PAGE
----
I suppose if you keep your expectations low, than people may surprise you. Expect something, set the bar, you will mostly be disappointed.
I find myself enjoying Twitter more and more lately. When Elon purchased Twitter, the crazies went crazy and demanded certain things, encouraged mass walkouts, told the world Twitter would die — and yet here we are, with more active daily Twitter interactions than ever before, with ~80% of the workforce gone.
I’m not going to say I enjoy that people are out of a job, but I’m also in the technical space and realize that those folks (if qualified) can find employment on almost every street corner in modern day America. Sure, if you live in North Dakota or somewhere else remote, your options may be limited — but there are just as many companies that are hiring folks today with the expectation of remote work.
A certain subset of the population tend to believe that employment and “employment conditions” (quiet rooms, bean bag chairs, free lunch, unlimited snacks, etc.) are a “right” in the workplace. This is not factual and honestly isn’t sustainable. If companies spend millions and millions of dollars ensuring their employees are “extra comfortable”, the customer (all of us) are making the premium. Where I’m at in life, and most of us are probably, I don’t want to pay extra money for your software or could services so you can feed the developers steak for lunch everyday. Sure, these decisions are up to the management of these companies, but you are seeing tighter and tighter margins as more and more companies compete. All of these services will be suspended or go away and we will constantly read about the “working environments” being a key reason why engineers/developers are jumping ship and moving to company B.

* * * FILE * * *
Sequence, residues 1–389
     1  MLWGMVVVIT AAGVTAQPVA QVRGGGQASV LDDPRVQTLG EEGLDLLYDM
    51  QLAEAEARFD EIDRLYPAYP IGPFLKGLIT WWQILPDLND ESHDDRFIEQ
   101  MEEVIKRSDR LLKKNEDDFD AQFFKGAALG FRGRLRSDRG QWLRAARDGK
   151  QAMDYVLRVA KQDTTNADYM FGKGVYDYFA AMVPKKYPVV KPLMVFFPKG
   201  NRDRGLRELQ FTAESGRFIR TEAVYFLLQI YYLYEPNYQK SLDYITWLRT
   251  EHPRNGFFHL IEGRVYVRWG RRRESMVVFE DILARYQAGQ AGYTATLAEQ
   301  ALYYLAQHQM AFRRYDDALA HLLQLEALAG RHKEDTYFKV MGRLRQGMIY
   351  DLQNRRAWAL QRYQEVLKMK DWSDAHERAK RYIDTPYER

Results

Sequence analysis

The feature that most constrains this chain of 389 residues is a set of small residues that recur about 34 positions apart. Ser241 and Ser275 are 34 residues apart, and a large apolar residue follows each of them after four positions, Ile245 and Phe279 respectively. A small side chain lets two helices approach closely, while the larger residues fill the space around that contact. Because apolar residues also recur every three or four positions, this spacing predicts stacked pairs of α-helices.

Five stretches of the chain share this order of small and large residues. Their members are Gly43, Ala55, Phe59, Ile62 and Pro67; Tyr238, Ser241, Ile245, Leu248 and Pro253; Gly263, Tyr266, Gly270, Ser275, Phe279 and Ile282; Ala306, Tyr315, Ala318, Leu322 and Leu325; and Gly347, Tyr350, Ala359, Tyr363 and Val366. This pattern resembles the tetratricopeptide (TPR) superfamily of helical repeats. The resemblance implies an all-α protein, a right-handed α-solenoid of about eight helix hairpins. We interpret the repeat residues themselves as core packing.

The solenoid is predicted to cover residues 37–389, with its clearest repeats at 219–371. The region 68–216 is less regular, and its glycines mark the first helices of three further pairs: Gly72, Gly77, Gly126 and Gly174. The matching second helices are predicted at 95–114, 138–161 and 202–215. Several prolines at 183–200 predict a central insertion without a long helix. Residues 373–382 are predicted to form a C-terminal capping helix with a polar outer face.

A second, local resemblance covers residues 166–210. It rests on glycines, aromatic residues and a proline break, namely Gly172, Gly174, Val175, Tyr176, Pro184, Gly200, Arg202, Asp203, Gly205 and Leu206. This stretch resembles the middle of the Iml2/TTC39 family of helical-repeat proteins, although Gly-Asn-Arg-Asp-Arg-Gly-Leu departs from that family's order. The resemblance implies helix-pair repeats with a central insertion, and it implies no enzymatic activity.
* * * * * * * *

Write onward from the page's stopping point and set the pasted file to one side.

If you’re a hermit, then you may not have heard or read about the FTX crypto exchange catastrophe. A company worth $60B and had major support from the likes of Steph Curry, Tom Brady and many more; has now filed for bankruptcy protection and is worth nothing. $60B to nothing in one day, it is truly impressive.
It’s not impressive to the folks who lost their livelihoods by entrusting their hard earned money into the hands of “crypto geniuses”. I think for me its the reasonableness test. Does a company, spearheaded by a Sam Bankman-Fried (look him up) and based in the Bahamas, sound legit? The legitimacy of a company, in my estimation, was only solidified when the likes of the U.S based celebrities started endorsing (See class-action lawsuits already filed in Kansas).